“Spinning Out,” Netflix’s new single-season drama, thoroughly explores common issues figure skaters and other performance-based athletes face through its portrayal of several Olympic hopefuls in an Idaho ski town. The show follows 21-year-old Kat Baker, a burnt-out competitive skater who secretly struggles with bipolar disorder. Traumatized by a serious injury, Kat is no longer able to land her triple jump, the most important element of every senior-level skater’s routine. After briefly quitting the sport for good, Kat is encouraged by coach Dasha Fedorova to partner with Justin Davis, a wealthy Casanova and Dasha’s trainee. On top of learning to pair skate for the first time, Kat struggles to balance her work and home life, just like any other young professional athlete.
What is most fun to watch in “Spinning Out” is the way it pays homage to the real-life figure skating world, especially in its unsubtle parallels to the 2018 Olympics. Kat’s short program look is heavily inspired by Tessa Virtue’s attire in her playful Moulin Rouge routine, my favorite ice dance that won her and Scott Moir a gold medal in Pyeongchang. Additionally, the costume Kat wears in the flashback scenes resembles Alina Zagitova’s stunning Black Swan short program outfit. Another example is when one of the characters pokes fun at skating to Coldplay, à la Adam Rippon and the Shibutani siblings in 2018. Also, commentator and two-time Olympian Johnny Weir basically plays himself as Gabriel Richardson, who is also gay and genderqueer.
“Spinning Out,” true to its genre, is melodramatic, revealing backstories through flashbacks. There is also a soapy, contrived good versus bad boy love triangle that serves little purpose. However, despite its occasionally weak storytelling, “Spinning Out” manages to flesh out all its major characters, depict mental illness with accuracy and highlight the importance of presentation and the pressure of perfection that is required to make it big in the competitive circuit.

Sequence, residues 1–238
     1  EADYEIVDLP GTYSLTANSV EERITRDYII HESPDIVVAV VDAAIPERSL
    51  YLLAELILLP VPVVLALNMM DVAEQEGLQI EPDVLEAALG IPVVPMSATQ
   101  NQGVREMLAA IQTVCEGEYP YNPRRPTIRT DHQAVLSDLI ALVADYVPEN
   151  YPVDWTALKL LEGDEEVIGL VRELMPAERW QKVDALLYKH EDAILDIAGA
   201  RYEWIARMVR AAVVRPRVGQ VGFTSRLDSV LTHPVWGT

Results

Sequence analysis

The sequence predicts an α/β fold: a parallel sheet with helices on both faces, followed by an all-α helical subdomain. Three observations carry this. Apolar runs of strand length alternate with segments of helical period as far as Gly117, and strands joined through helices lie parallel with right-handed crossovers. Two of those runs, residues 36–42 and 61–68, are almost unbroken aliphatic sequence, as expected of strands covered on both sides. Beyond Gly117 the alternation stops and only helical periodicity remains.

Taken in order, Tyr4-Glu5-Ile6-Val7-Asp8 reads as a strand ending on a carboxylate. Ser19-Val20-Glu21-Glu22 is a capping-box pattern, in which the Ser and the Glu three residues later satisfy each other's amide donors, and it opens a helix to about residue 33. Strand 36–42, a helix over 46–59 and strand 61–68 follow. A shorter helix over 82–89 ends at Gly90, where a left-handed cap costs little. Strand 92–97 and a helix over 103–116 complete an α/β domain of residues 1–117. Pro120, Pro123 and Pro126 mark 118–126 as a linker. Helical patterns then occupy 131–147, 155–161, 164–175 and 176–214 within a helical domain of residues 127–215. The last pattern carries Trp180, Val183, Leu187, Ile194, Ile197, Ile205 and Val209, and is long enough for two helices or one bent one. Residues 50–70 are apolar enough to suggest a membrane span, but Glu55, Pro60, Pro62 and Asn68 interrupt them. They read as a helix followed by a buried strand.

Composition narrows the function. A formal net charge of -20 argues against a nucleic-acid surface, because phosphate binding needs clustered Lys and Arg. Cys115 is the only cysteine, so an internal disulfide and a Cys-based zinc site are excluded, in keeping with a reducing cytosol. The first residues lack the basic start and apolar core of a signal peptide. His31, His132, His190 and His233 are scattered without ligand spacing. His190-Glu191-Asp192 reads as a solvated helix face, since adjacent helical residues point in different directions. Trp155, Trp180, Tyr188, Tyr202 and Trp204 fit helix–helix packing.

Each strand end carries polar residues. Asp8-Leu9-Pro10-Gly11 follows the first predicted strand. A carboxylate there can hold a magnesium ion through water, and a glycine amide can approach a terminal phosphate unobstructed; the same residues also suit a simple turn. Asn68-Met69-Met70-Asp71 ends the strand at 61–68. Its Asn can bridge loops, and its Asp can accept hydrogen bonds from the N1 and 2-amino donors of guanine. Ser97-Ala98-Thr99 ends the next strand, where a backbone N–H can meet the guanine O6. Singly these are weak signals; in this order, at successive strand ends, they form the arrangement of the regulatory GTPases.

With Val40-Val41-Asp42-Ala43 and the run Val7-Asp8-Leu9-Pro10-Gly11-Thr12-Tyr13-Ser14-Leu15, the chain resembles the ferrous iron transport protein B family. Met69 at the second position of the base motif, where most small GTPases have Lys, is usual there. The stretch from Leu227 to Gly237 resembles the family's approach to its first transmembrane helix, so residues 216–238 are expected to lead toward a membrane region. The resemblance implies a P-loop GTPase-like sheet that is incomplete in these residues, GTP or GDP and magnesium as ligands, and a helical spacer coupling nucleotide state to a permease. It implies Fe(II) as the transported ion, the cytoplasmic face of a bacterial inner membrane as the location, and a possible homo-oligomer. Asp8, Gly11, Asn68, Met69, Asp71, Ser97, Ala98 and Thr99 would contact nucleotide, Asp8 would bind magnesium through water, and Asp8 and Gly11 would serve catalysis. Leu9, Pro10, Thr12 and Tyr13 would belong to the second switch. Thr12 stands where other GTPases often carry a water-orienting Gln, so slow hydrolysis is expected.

The show is most revolutionary in its destigmatizing of bipolar disorder. Both Kat and her mother, Carol, take lithium to prevent manic episodes and struggle with the resultant brain fog and emotional numbing. In the beginning, before checking herself into rehabilitation, Carol’s mania causes her to become unreasonably strict with her other daughter, Serena, and to steal things, including money from Kat’s bank account. Kat takes her medicine religiously until, in a moment of desperation, she quits cold turkey due to the energy and focus it takes to become a better skater. As a result, her life gets much more complicated, and she ruins several relationships. Thus, the show is largely about Kat’s life “spinning out” of her control and how her manic episodes affect those around her.
The consequences are compounded by Kat’s involvement in figure skating, which Carol says is “all about being perfect.” Women’s figure skating places a high value on presentation — a perfect appearance and reputation — and requires a delicate balance of gracefulness and athleticism. For example, Serena, a skilled jumper, faces criticism for her reliance on her technical score, which judges the execution and difficulty of program elements, over her performance component score, which grades style, interpretation and artistic presentation.